Fetching Summer

Learn from the mistakes of others. You can’t live long enough to make them all yourself. — Eleanor Roosevelt

Never Ending Sun

Surely, in the light of history, it is more intelligent to hope rather than to fear, to try rather than not to try. For one thing we know beyond all doubt: Nothing has ever been achieved by the person who says, `It can't be done.' — Eleanor Roosevelt, You Learn By Living (1960)

Fractured and Vibrant Echoes

In his latest post at ex movere, Driz included his interpretation of the quote: The disappointed man speaks: ‘I listened for an echo and I heard only praise.’After exchanging comment volleys, I couldn't leave the thought alone.I started picking at it and decided to expand-expound.

What did this Nietzsche quote mean?

My thoughts: when one spends a quantifiable amount of anything (hours, brain-cells, words, brushstrokes, it-matters-not-what) on creating something, I think the result is the echo Nietzsche was listening for.My drive to create has resulted in more than a few select two-dimensional echoes, or reflections of my inner self, which I proudly hang on my—and other people's—walls.

Along this vein, I think Davecat's blog title: Shouting to hear the echoes captures this action-idea in its barest simplicity.And my vague memory of Davecat's (years ago) statement that a web log containing many-years (decades?) of essays is a portrait of a persons life, an accomplishment, a digital distillation or reflection of a person's gestalt ... or something like that, I don't recall his exact words and now that I think about it, I may be attributing words to Davecat that he never typed.But, anyway.

A created object is a reflection of the author-creator-artists imagination.Although the intent of the creator was, initially, primarily and ultimately, to see what his brain could create—to translate something from his imagination to reality—once it was created, and (as Ditz has correctly pointed out) the creator has made the decision that it is finished, it immediately becomes subject to criticism. This includes self-criticism.

Praise is what Nietzsche was disappointed to receive; because praise is (almost always) synonymous with apathy.

To me, every "I like it" feels like a white-lie or an act of guest-book-signing.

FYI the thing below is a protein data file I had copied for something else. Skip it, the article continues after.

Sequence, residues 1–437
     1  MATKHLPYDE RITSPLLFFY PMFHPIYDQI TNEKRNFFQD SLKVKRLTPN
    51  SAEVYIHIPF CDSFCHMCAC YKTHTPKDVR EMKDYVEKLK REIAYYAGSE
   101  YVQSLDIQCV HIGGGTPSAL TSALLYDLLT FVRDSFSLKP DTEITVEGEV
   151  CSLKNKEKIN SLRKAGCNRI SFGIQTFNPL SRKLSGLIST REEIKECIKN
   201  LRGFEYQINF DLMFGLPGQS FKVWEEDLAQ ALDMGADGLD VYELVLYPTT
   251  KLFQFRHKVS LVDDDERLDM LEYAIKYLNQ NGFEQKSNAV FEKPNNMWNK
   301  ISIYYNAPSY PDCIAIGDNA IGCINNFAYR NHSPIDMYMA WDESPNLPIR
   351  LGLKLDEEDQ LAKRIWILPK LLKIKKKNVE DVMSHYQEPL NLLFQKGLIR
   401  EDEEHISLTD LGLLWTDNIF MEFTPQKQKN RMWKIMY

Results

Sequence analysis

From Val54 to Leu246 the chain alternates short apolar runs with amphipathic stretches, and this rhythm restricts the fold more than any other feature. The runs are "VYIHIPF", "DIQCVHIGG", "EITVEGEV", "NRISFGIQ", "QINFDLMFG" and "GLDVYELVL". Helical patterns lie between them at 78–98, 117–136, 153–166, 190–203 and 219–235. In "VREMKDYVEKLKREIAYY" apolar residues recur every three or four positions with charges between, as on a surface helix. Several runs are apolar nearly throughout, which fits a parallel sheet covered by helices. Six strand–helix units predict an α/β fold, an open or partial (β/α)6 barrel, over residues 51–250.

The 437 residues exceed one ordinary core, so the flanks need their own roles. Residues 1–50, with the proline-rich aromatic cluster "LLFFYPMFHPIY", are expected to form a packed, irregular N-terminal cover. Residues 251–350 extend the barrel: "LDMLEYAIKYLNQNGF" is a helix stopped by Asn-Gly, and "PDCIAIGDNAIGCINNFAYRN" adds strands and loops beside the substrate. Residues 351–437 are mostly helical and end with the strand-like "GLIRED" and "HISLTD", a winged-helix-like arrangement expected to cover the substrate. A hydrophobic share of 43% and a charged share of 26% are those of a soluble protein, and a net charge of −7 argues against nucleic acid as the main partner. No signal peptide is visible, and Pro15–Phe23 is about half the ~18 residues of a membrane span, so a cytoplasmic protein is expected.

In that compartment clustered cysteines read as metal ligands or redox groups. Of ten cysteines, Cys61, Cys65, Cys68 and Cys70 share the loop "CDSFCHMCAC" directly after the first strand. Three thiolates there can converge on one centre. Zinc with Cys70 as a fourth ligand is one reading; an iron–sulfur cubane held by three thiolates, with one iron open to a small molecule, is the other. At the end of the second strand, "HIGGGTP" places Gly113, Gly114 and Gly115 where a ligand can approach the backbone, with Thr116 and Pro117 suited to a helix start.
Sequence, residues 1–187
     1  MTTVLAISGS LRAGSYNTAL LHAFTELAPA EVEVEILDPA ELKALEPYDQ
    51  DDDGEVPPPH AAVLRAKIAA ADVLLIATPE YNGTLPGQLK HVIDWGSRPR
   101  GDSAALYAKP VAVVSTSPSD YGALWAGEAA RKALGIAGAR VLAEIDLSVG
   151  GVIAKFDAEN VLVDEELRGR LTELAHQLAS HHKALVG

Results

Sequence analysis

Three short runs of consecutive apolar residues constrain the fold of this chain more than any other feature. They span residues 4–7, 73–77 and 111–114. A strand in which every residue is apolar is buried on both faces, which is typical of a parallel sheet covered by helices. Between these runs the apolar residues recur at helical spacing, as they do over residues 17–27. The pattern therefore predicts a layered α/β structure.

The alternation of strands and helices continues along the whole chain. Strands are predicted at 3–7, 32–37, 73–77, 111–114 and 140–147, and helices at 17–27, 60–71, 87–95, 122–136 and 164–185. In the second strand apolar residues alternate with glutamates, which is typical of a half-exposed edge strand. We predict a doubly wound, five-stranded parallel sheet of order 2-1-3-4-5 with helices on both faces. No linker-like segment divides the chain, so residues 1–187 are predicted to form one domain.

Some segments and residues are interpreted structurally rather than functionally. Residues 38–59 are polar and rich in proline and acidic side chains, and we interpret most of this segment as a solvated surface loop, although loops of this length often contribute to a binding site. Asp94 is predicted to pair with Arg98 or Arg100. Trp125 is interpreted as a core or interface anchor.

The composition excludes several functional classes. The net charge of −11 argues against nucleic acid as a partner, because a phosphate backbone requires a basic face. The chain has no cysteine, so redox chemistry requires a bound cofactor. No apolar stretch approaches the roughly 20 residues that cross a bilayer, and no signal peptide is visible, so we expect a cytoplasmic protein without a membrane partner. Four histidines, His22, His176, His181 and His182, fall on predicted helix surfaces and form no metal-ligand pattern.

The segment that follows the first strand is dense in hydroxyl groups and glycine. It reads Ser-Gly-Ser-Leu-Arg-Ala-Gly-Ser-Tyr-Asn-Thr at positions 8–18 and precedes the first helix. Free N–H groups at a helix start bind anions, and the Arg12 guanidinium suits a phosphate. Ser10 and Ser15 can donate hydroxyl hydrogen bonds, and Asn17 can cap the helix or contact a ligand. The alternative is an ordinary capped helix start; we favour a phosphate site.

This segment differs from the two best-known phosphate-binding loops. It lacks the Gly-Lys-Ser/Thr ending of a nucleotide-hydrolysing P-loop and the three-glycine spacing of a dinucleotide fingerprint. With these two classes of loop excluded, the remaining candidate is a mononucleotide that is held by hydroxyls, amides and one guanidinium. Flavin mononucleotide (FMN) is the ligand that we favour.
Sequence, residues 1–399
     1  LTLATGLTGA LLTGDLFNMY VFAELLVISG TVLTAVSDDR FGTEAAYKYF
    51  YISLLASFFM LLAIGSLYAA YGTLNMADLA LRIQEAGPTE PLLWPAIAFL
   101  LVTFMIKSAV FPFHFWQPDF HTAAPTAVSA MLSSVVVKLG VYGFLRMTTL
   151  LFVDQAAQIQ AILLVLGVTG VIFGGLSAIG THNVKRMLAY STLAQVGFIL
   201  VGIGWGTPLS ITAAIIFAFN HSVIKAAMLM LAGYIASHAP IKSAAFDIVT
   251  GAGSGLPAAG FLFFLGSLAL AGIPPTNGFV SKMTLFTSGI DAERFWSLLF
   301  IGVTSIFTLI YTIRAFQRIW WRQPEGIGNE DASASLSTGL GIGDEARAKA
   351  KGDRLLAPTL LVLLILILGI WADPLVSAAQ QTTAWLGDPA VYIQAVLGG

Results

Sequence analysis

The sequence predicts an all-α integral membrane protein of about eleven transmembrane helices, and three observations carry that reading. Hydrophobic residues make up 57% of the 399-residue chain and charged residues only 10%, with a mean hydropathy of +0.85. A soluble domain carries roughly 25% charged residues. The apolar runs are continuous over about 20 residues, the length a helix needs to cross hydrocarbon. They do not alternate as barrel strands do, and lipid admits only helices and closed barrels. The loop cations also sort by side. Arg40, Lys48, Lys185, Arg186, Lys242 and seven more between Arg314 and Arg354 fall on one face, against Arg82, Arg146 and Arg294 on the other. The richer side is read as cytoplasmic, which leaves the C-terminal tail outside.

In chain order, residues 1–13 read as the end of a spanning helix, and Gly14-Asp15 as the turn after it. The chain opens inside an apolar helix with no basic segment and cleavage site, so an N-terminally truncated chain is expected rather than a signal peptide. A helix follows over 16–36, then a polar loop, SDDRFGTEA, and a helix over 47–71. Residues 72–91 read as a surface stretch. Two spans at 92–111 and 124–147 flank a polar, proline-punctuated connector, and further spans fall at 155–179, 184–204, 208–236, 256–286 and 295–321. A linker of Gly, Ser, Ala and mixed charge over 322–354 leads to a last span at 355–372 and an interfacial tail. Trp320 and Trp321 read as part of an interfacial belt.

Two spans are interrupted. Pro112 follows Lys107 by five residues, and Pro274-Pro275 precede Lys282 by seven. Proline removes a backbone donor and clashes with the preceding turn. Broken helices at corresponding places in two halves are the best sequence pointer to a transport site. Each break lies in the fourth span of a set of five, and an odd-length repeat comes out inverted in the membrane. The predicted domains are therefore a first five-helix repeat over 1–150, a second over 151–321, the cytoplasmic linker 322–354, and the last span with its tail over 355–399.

Want to see what I mean by this? Go to any blog which averages more than 25 comments per post.About 90% of those comments are pap—each saying less than nothing; muttering their praises because if they don’t...I guess, nobody will know they were there, right?(If ANYONE knows of a blog where this is not true, where the majority of the more than two-dozen plus comments are viable, helpful, insightful and interesting, please point me there!)In a deeper ring of hell than that which broils sycophantic blog comment-ers are: Micro-blog Twitter-ers and their constant desire to amass followers who will read their rarely thoughtful, mostly vacuous, and wholly innocuous tweets (and the reply-comments they spawn).

An artist receives praise with a skeptical smile, but welcomes derision, comparative-criticism, and advice (no matter how unhelpful) with a warm embrace.In my case, viewers who tell me what they see in my digital renderings are great, because my creations are nurtured by pareidolia and are mostly-worthless to those who are unable (or unwilling) to be afflicted by the phenomenon.

You get more joy out of the giving to others, and should put a good deal of thought into the happiness you are able to give. — Eleanor Roosevelt

wally day

digital rendering by veach st glines — 2009

The word liberal comes from the word free. We must cherish and honor the word free or it will cease to apply to us. — Eleanor Roosevelt

WWII Investigation

trees cat die
family trees cat die
unless their cut down
— Graffiti, on street-side of an electric box, in black marker

Thirteen years ago—1996, Stuttgart Germany—my small, three-man office received a request for a preliminary investigation from the office of General Shalikashvili, the Chairman of the US Army Joint Chiefs of Staff (the equivalent of the President of the US contacting Sheriff Andy Taylor of Mayberry). By the time the ‘request for preliminary investigation’ made its way thru the chain-of-command pipeline it had been transformed into a directive for an immediate full-investigation.

Back-story: More than a decade earlier (before 1985) -then- Lieutenant Colonel (LTC) Shalikashvili worked with CPT Expat, who later retired as a LTC, in -then- West Germany, where he bought a home and remained. LTC (retired) ExPat went to his local Gasthaus to do what one does there—drink great beer and talk.

In 1996: LTC (retired) Expat meets an elderly gentleman who tells him about witnessing US Soldiers execute German POWs by firing squad, during the last few months of WWII, and, later, meeting a survivor of the same firing squad he had witnessed. LTC (retired) Expat writes a letter to GEN Shalikashvili...

...And I receive a directive to investigate the 51-year-old murder of German POWs by US soldiers.